We are not a democracy, yet we do have a voice in our own government. Elections are the choice microphones for many citizens. There on Election Day, they have the right of making their voices heard; however, many interest groups and a few individuals seem to have a louder voice due to campaign financing:
No U.S. official should be beholden to one or a few groups. And no group or individual should have a greater claim on our elected leaders than any other. That’s the way it should work. But it is growing clear to more and more Americans that it doesn’t (McCarthy 24).
Recently, it has been the trend to try to make sure the opinions and concerns of minorities are duly noted and pondered on. The only problem seen with this comes about whenever the minority “buy” the attention of politicians. Typically, minorities are more than a number. The grossly rich, while small in number and percent, have never counted as a minority, but these are the only ones who can afford to give enough support to a candidate to draw attention to them. Again, we see an aristocratic government. Even interest groups of true minorities can’t give enough to impress anyone.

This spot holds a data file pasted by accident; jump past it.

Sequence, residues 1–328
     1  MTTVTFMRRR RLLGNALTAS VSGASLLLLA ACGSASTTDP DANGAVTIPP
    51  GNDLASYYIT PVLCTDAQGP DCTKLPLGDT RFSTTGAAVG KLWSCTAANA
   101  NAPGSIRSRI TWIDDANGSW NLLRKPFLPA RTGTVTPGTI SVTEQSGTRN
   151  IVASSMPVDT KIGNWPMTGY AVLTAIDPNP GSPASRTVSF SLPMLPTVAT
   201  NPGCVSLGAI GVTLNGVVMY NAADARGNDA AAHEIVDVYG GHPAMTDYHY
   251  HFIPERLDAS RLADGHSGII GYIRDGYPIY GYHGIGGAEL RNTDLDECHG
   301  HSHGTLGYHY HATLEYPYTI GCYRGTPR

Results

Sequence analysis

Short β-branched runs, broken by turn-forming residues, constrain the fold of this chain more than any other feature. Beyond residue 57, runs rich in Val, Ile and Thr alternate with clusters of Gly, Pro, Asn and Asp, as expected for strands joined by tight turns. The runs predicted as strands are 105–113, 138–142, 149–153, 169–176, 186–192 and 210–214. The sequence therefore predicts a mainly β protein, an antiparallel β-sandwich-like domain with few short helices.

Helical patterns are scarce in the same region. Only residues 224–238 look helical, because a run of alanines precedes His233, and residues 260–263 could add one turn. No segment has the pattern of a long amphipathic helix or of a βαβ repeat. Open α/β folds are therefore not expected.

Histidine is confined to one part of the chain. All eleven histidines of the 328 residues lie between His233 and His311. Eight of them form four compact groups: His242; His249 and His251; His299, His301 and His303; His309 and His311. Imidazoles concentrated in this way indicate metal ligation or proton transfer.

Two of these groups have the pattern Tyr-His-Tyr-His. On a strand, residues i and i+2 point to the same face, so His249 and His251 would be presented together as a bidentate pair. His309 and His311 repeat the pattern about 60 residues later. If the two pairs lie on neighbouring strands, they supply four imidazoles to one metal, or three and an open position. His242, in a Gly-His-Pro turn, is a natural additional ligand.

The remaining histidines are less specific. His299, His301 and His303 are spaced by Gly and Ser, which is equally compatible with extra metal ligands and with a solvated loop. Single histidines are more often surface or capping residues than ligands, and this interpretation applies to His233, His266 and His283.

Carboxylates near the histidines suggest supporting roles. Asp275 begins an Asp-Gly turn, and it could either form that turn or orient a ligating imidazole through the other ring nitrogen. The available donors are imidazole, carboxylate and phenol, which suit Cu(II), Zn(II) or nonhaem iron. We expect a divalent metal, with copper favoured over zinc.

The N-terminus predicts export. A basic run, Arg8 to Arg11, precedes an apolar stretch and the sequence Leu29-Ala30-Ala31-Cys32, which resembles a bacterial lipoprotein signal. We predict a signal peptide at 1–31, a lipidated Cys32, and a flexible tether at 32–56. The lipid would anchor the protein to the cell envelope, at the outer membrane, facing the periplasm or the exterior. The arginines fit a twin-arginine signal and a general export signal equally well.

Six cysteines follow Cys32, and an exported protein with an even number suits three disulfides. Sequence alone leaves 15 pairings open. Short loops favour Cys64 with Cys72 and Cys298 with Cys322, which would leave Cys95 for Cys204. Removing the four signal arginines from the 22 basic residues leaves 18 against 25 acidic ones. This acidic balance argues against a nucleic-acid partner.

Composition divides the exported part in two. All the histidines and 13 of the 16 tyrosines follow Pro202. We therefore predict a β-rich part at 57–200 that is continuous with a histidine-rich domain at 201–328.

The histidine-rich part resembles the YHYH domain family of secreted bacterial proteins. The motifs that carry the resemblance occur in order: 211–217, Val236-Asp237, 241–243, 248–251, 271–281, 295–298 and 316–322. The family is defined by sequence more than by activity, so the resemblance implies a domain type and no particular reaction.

Now that we have seen the dangers of campaign financing, we should go back and find out how it started. Max McCarthy speaks of a time when everything got worse in politics. This was not to imply that everything had been perfect before, but once the media gets involved, things tend to go differently. Many years ago, the media began to play a vital role in the political education of our citizens, with radios and televisions. Before, only those with real authority had any complete knowledge of what went on with governmental politics. As each candidate was brought closer and closer to the American people, they actually started to care about things that before were nicely kept secrets. The opinions of these, now seemingly real people, instead of future historical figures, were actually heard, and the people actually knew who they were voting for. With the start of this new technology, campaigning was much easier; all that was needed was enough money to get the name recognition:
As campaign costs have skyrocketed in recent years, the percentages contributed by the parties and small individual donors have declined . . . An ever-growing...
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Emenhiser, JeDon. 1999. http://www.sorrel.humboldt.edu/~jae1/paper.html
Ginsberg, Benjamin, Theodore J. Lowi, and Margaret Weit. 1997. We The People: An Introduction to American Politics. W.W. Norton & Company, Inc.
Goidel, Robert K., Donald A. Gross, and Todd G. Sheilds. 1967. Money Matters: Consequenses of Campaign Financing Reform in the U.S. House Elections. Rowman & Little field Publishers, Inc. Lanham, New York.
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